Review: For Sammy Davis Jr., performing was living
Sammy Davis Jr. was a lifelong sponge; he absorbed technique and turned it into artistry.
He could dance, he could sing, he could play instruments, he could act. He could even do impressions. A charter member of the swinging Rat Pack in the early ’60s as well as a civil rights activist (Martin Luther King Jr. was a fan), he was the coolest of the cool.
Until he suddenly wasn’t. Director Samuel D. Pollard starts out his documentary “Sammy Davis Jr.: I’ve Gotta Be Me” with what was surely Davis’ most uncool moment — his hugging of Richard Nixon at a campaign rally in 1972. There was nothing less cool in 1972 than Richard Nixon.
But then Pollard reviews the incredible life that led up to that awkward moment. Davis began dancing professionally in a vaudeville act with his father and godfather at the age of 3. By the age of 7, he was singing in a movie with Ethel Waters.
He never went to school; in an interview he says he has the writing skills of a second-grader. Instead, Davis went on the road and really never came off it. After a stint in the Army, he worked his way up, appearing on (th e white) Eddie Cantor’s TV show, becoming pals with Frank Sinatra, constantly touring.
Davis had a well-publicized affair with the white actress Kim Novak in 1957, when mixed race relations were fully taboo in Hollywood. Supposedly a movie mogul threatened to have him killed unless he broke it off, which he did. In 1960, he married white Swedish-born actress May Britt.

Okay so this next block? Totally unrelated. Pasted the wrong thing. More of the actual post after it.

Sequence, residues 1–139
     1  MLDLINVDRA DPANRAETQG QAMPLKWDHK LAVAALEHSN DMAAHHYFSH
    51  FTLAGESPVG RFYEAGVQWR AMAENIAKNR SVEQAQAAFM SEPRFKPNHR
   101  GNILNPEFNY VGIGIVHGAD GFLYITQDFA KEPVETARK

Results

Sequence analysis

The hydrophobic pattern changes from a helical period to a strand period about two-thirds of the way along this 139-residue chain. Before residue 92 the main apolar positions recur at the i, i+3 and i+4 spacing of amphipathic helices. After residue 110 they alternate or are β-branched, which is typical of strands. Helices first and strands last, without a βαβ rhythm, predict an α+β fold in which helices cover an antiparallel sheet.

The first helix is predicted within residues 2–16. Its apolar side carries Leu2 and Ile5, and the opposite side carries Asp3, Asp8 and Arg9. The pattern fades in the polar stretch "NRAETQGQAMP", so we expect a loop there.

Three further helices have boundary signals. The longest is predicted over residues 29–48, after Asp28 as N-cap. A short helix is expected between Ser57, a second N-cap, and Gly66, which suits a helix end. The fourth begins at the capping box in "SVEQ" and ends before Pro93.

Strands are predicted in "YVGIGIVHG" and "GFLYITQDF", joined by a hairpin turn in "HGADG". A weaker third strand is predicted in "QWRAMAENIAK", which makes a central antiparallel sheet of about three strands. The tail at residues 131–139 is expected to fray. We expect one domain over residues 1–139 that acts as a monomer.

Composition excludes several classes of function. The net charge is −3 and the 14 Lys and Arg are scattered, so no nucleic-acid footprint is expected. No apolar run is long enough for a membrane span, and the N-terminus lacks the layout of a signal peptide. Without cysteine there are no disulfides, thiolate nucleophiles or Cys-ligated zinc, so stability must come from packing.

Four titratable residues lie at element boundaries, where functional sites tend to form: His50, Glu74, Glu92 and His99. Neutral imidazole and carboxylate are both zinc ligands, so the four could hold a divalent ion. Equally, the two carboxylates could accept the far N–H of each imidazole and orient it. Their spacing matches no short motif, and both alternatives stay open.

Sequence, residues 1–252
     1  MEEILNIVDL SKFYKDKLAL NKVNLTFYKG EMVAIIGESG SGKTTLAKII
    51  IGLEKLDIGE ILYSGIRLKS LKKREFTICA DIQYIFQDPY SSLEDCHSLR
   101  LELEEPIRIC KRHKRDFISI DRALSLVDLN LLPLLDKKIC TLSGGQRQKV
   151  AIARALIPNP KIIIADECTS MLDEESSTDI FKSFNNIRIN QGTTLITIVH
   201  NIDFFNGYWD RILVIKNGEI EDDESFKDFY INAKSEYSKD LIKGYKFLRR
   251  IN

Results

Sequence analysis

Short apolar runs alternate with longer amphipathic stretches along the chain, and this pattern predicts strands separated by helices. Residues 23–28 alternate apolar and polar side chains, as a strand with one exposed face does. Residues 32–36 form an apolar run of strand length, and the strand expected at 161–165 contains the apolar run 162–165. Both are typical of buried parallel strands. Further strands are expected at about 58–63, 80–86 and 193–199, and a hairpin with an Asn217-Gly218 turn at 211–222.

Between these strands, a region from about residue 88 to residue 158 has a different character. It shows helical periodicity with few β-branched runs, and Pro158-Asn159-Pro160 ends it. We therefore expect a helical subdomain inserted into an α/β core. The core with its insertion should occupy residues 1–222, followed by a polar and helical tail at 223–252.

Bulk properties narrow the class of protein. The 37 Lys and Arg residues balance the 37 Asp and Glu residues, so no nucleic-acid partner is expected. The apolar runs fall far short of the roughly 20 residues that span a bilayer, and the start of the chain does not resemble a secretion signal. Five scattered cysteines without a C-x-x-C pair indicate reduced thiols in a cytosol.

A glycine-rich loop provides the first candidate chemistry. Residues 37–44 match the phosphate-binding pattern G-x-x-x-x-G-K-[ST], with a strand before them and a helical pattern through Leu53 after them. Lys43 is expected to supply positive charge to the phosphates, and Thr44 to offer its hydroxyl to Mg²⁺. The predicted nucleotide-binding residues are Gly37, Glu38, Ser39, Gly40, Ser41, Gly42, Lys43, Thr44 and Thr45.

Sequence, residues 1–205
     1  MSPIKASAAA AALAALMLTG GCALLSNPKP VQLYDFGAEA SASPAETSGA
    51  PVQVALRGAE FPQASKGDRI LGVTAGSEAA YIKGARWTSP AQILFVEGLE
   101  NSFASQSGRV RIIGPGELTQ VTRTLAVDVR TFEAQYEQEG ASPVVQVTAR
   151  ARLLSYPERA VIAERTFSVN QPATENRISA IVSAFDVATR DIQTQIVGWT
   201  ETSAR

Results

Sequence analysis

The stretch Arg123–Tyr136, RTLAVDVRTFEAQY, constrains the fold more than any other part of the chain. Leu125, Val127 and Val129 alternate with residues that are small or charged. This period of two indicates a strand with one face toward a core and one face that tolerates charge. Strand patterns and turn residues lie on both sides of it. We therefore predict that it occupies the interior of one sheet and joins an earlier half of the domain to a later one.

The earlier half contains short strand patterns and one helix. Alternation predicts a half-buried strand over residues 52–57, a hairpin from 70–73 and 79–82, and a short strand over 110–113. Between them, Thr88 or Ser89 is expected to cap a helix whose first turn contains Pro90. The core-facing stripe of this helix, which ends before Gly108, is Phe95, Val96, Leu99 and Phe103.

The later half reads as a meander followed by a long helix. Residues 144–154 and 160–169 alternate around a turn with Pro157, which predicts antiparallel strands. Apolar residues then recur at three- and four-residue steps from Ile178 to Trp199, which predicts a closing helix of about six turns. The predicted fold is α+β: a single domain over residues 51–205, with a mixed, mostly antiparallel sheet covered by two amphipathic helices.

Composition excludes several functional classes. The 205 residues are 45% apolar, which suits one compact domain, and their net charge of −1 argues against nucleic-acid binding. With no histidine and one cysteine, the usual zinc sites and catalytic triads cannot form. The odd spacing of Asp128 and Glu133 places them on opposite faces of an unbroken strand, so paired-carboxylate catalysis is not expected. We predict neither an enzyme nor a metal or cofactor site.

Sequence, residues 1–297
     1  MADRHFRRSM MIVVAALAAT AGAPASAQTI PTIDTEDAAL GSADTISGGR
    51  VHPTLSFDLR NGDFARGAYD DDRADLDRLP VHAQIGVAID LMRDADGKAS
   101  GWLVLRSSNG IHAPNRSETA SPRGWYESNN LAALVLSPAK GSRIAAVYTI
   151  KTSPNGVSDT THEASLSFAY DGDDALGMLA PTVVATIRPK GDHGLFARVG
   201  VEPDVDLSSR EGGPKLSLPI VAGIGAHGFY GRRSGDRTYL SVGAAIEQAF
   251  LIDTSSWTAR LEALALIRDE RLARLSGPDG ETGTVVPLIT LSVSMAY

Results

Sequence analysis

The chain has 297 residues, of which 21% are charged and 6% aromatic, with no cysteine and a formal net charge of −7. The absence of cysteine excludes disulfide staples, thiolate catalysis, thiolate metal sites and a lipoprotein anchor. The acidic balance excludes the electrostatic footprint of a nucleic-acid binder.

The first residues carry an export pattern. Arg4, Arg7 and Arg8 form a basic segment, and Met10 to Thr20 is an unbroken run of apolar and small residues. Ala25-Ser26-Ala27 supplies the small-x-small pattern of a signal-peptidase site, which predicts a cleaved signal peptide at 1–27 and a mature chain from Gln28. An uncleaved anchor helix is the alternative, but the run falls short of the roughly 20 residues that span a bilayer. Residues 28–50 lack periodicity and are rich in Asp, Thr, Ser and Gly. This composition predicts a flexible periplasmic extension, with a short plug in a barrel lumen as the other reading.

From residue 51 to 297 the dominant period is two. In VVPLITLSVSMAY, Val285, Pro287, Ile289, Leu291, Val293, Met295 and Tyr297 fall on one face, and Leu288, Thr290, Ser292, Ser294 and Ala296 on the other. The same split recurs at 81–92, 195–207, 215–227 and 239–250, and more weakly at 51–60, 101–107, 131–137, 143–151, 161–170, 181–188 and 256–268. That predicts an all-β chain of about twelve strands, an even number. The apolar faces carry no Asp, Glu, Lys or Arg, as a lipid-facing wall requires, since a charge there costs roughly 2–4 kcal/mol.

But home life wasn’t for Davis. In the early ’60s, he and the Rat Pack were making Las Vegas America’s playground.
Davis by then had lost an eye in a car accident and converted to Judaism, and the Rat Pack act was full of jokes about the one-eyed Jewish Negro. Davis had gotten to the top of the cool heap, but he was never fully integrated. When Rat Pack favorite John F. Kennedy was elected president, Davis wasn’t invited to the inauguration.
Which is about the time he took to marching for, and funding, the Civil Rights movement. So how did he end up a tone deaf Richard Nixon supporter? That probably grew out of his support for the troops fighting in Vietnam, itself considered somewhat uncool at the time.
“I’ve Gotta Be Me” is stuffed with archival footage and Davis interviews, as well as interviews with close friends (Novak, Jerry Lewis, Billy Crystal, Harry Belafonte), although there’s not much discussion of Davis’s wives (three) or home life. Which is likely because he wasn’t home much. Entertainment was his life.
“I’ve Gotta Be Me” showcases Davis’s vast talents, but it also shines a light on his need for acceptance, his inability to curb indulgences, the groundbreaking aspects of his career and his hunger for applause.
Davis eventually returned to the liberal fold. And he became revered by scores of performers. At the film’s end, Davis is honored with a TV special celebrating his 60 years in show business. Frail at 64, Davis still came up on stage for an impromptu, mind-blowing tap dance exhibition, ever the performer. He died months later.
Tom Long is a longtime culture critic.
‘Sammy Davis Jr.: “I’ve Gotta Be Me’
Running time: 100 minutes